The paper "Issues in Management Accounting Research" is a perfect example of a finance and accounting coursework. The two-stage model adoption, according to Kennedy and Fiss (2009), is related to motivation to achieve gains and opportunity framing in the early stage. It is related to motivation to avoid gains and threat framing when adoption is in later stages. However, criticism has been leveled against the conventional two-stage model over the argument that space and time separate the social and economic motivations. This model has been regarded by a number of authors as having major weaknesses.
First, indirect testing of motivations to drive adoption influences substitution of legitimacy for efficiency instead of direct assessments (Kennedy & Fiss, 2009; Donaldson, 1995). Second, instead of providing institutional processes, existing evidence supports the absence of economic and technical determinants of adoption (Scott, 1995). Similarly, Staw and Epstein (2000) observe that many studies have failed to strike a difference in adoption motivations among later and early adopters based on the two-stage model. This means that the pattern of adoption explains the conflicting and multiple circumstances that include social learning shown in the model.
For example, later adopters understand what works more than earlier adopters and that is why, to a lesser extent, they desire to experiment with innovations. Third, conventional two-stage model adopters are limited in scope and only focus on achievement of economic gains while failing to argue that early adopters may pursue social gains such as attaining higher status or distinguishing themselves. Fourth, the model separates social and economic motives for adoption while sharply differentiating mimicking and rational adoption behavior (Kennedy & Fiss, 2009).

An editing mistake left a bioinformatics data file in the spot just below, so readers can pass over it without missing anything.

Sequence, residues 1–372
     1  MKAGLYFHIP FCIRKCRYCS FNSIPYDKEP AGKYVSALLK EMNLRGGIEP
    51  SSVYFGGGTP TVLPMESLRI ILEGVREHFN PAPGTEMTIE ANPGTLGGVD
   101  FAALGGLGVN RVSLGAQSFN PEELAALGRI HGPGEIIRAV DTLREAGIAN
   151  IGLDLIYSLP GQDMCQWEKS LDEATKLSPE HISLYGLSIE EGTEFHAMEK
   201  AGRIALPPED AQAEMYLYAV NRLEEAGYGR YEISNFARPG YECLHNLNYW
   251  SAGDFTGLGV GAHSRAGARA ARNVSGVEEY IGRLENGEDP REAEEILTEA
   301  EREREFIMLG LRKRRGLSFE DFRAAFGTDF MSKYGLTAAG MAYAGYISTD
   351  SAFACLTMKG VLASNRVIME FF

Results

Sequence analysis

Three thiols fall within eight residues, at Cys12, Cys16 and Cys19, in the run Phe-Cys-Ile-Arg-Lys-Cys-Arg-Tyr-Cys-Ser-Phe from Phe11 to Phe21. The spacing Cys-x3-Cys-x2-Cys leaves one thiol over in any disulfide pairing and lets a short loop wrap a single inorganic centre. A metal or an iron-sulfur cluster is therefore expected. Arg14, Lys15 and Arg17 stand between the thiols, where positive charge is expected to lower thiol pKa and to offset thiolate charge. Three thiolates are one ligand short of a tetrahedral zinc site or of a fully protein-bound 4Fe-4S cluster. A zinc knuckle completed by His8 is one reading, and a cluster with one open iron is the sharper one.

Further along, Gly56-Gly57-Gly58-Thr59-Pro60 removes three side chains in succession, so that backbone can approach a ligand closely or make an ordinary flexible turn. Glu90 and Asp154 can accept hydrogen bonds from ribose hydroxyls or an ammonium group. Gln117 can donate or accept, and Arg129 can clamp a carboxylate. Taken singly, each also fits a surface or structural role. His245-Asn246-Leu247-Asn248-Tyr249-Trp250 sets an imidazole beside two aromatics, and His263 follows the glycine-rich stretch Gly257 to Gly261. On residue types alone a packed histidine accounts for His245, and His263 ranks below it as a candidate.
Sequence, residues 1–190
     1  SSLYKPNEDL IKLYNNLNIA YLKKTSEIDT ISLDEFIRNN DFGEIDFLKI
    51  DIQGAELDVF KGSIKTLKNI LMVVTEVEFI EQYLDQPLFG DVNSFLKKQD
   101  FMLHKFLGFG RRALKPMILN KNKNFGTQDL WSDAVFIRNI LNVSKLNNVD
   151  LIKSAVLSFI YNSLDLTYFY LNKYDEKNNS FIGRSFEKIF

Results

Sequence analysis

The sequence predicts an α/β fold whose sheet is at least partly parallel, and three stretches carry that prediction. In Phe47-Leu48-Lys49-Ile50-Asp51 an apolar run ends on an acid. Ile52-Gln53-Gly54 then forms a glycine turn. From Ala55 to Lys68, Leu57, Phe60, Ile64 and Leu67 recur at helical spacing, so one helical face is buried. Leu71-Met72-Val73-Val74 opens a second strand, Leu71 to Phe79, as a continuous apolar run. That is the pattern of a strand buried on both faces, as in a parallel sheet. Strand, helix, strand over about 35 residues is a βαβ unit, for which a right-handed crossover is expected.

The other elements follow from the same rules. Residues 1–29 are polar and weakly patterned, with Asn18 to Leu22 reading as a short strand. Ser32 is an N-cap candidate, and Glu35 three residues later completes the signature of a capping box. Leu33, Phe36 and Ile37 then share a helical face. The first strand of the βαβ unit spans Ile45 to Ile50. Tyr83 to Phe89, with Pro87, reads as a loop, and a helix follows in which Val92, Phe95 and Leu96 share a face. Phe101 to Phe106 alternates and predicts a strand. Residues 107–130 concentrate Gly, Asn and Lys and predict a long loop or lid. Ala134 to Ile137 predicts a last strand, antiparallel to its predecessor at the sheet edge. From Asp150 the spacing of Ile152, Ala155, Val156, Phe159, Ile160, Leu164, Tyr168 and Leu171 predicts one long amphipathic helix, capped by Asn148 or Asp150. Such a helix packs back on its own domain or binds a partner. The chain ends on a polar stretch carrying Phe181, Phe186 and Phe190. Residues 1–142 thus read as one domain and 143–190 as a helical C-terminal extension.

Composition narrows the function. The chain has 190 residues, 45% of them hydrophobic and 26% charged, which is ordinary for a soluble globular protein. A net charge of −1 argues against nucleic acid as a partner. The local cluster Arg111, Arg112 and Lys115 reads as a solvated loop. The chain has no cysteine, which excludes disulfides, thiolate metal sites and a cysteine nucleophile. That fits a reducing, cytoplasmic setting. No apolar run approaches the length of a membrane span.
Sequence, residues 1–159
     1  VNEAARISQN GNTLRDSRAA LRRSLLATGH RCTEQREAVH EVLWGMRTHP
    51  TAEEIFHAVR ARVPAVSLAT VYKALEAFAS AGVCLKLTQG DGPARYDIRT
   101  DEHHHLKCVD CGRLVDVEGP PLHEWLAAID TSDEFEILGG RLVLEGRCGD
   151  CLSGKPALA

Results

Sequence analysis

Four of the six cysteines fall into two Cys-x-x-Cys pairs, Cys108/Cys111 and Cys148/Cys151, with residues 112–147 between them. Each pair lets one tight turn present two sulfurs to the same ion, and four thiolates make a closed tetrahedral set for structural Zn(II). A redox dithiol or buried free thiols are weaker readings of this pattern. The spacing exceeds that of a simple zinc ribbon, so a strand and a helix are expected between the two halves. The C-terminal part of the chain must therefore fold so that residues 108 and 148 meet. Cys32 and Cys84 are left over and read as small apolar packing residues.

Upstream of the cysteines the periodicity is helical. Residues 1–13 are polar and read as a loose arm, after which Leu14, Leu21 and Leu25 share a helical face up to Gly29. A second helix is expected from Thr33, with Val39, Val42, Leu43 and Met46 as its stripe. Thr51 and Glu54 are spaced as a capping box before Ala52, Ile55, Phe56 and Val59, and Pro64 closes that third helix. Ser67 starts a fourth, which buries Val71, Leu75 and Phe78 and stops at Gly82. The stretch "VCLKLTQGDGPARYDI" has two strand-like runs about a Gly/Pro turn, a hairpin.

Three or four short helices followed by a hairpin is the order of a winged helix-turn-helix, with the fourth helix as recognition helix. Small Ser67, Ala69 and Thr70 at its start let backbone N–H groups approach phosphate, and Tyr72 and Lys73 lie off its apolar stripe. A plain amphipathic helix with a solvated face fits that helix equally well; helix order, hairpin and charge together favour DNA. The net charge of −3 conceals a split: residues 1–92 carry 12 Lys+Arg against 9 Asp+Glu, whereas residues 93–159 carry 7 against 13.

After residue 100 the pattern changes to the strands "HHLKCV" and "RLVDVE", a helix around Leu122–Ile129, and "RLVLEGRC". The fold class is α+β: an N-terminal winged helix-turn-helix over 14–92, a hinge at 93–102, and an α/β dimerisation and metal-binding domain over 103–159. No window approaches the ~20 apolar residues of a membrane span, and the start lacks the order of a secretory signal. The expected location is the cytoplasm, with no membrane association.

Fifth, it is obvious that the timing of adoption remains unexplained, yet early or late adoption timing is assumed to explain the gains or losses behind adoption motivations. Decision-makers will likely adopt an innovation that is late in the diffusion process to avoid losses and not to achieve gains and not as argued by the conventional two-stage model. Finally, the model assumes that the relevant predictor of adoption motivations is adoption timing but in the current debate, different circumstances in different firms affect the adoption of diffusing innovations (Staw & Epstein, 2000).
Current authors posit that adoption decision-making potentially creates diverse outcomes such as implementation and adoption of innovations among firms. The conventional two-stage model is seen as neo-institutionalist based on the theory isomorphism and needs to be expanded in scope (Lounsbury, 2008). Indeed, the model is short of institutional literature that currently includes heterogeneity and change in the study of diffusion (Chandler & Hwang, 2015). Contributions of management accounting innovations (MAIs) to the body of research At the firm level, the adoption of innovations has been influenced by firm characteristics and general contextual factors that prevail in this area of research.
Researchers of management accounting not only draw on the new-institutional diffusion perspective but also new-institutional theory defined by the management fashion variant. A novel perspective on adoption has been shaped by the dynamic relationships between innovation characteristics and organizational culture, and how it relates to adoption timing and motivation (Cadez & Guilding, 2008). The study of Management Accounting Innovations (MAIs) signifies the onset of complex relationships between adoption and firm characteristics. Although this aspect has been assuming a static and direct relationship, it had been tested in previous management accounting research (Al-Omiri & Drury, 2007).
Brown et al. (2004) help to explain the weak link between the adoption of innovations and contextual factor findings in previous management accounting.
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